The peninsula of Morrazo is what happens when three deep valleys are flooded by a rising sea, leaving behind a chunk of land where the hills roll into the harbours, where oceanic currents carve out countless inlets and coves, where the terrestrial world is the deepest green and the marine world thee deepest blue. At the heart of this verdant peninsula lies the Cangas do Morrazo, a town whose soul is of the sea.
The Vila de Cangas was built on the fruits of the sea. From the sixteenth century onwards, the sardine catch would be a principal source of sustenance for the town, and a principal source of income for the parish, whose church of Santiago was built on the funds of the fishermen, who were to give a tenth of their catch’s worth to the priests in what was known as the diezmo.
On this foundation grew a seafaring culture: fishermen’s cooperatives sprung up, different methods for hauling in the little sardines were devised, and even a nascent export industry was developed with salted, smoked, and dried fish sent across and down the Cantabric and Portuguese coastlines throughout the sixteen and seventeenth centuries. A fishing fleet was built, with indigenous sailing vessels like the dorna being designed for each and every kind of seafaring task; to net sardines, lure octopi, scour the sands for shells, and to transport stock across the harbours.
On this foundation grew a seafaring culture: fishermen’s cooperatives sprung up, different methods for hauling in the little sardines were devised, and even a nascent export industry was developed with salted, smoked, and dried fish sent across and down the Cantabric and Portuguese coastlines throughout the sixteen and seventeenth centuries. An indigenous fishing fleet was built, with indigenous sailing vessels being designed for each and every kind of seafaring task; to net sardines, lure octopi, scour the sands for shells, and to transport stock across the harbours.
With great wealth, however, came great risk: Cangas was razed to the ground by marauding Berber pirates from southern shores in 1617, condemning its inhabitants to a century of misery. But the natural wealth of the Ría de Vigo – with its abundant stocks of fish, molluscs, crustaceans, and clams – allowed the Vila to move into modernity with the arrival of the salting and conserve industries, brought to this isolated corner of Galicia by Catalan industrialists seeking richer shores to enrichen their surplus.
But with new capital came new conflicts: the newly imported methods of massive sardine catches with massive nets threatened both the livelihoods of smaller fishing families and the life-cycles of the marine world. Two worlds collided: capitalism – with its salaried labour, its massive harvests, its impoverishing labour conditions, with its monopolies and inequalities – threatened the existence of the pre-capitalistic, ancestral form of life with its subsistence production, its communal ownership, its shared reward, its limited consumption, and with its workforce of artisans.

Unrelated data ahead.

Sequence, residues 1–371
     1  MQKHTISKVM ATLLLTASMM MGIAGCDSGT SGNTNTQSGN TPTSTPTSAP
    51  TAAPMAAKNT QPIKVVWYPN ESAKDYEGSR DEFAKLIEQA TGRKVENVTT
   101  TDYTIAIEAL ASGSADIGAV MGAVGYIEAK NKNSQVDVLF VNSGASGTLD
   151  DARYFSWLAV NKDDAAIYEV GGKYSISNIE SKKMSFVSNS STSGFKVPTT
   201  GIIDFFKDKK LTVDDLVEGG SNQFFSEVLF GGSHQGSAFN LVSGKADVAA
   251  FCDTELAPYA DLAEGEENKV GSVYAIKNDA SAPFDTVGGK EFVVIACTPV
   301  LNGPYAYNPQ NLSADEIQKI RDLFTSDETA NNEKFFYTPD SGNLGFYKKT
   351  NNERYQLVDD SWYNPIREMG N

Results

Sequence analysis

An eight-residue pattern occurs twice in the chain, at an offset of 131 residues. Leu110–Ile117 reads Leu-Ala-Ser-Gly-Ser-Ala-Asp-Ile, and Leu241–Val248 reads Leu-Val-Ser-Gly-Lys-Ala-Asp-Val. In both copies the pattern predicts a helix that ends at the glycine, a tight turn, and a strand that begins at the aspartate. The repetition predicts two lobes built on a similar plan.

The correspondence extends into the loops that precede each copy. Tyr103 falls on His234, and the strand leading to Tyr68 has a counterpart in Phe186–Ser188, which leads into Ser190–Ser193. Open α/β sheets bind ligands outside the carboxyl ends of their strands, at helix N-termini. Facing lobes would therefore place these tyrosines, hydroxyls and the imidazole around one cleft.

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The conflicts grew and grew, periodically exploding into boycotts, sabotage, and strikes. In Cangas this class conflict defined political life for the first third of the twentieth century, with seamen and factory workers organising into powerful unions and political parties which clashed with the titans of industry, but which were ultimately crushed by the tyrants of politics in 1936 when a coup d’état would plunge Cangas, Galicia, and Spain, into a longa noite de pedra, a long stone night of exile and repression.
During and after the Civil War, the fortunes of the conserve industry captains would experience a boom, with the enormous Massó factory epitomising the Golden Age of the conserve industry in the new economic order of Spain. For decades the Massó factory, built at the outbreak of war on the western shore of Cangas, symbolised the paternalist economic model of employment, investment, and production, providing the town with an economic stability that would last until successive financial crises throughout the final decades of the century led to the suffocation of factory finances and the eventual cessation of the entire industry.
Today there remain but two conserve factories in Cangas, though the sea continues commanding the economic fortunes of this town. The new source of wealth that has come to replace the old industries is found in tourism, with Europe discovering the beauty of the Cíes Islands which surge out of the sea to the west of the peninsula. The Cíes, they say, were known as the Islands of the Gods in Antiquity, its sharpened ridges visible from the parishes on the western shorelines of the peninsula. Be it in fishing, in the seafood harvest, in tourism, or in its environmental value, life in Cangas do Morrazo remains tied to the sea, its soul forever of the sea.
Lives and Times thanks the cultural association A Illa dos Ratos for their tours of Cangas which provided the historical information that informed this article.
Lives and Times…
For more writing on the Blue Planet, see these posts from Lives and Times:
- Atlantic Island Explorations I: The Cíes Sublime
- The Seascapes of O Morrazo: Photo Gallery
- Death of a Whaling Industry: A Chapter in Man’s Relation to the Sea
- Atlantic Island Explorations II: The Ons Oasis
Writing on the World Around Us…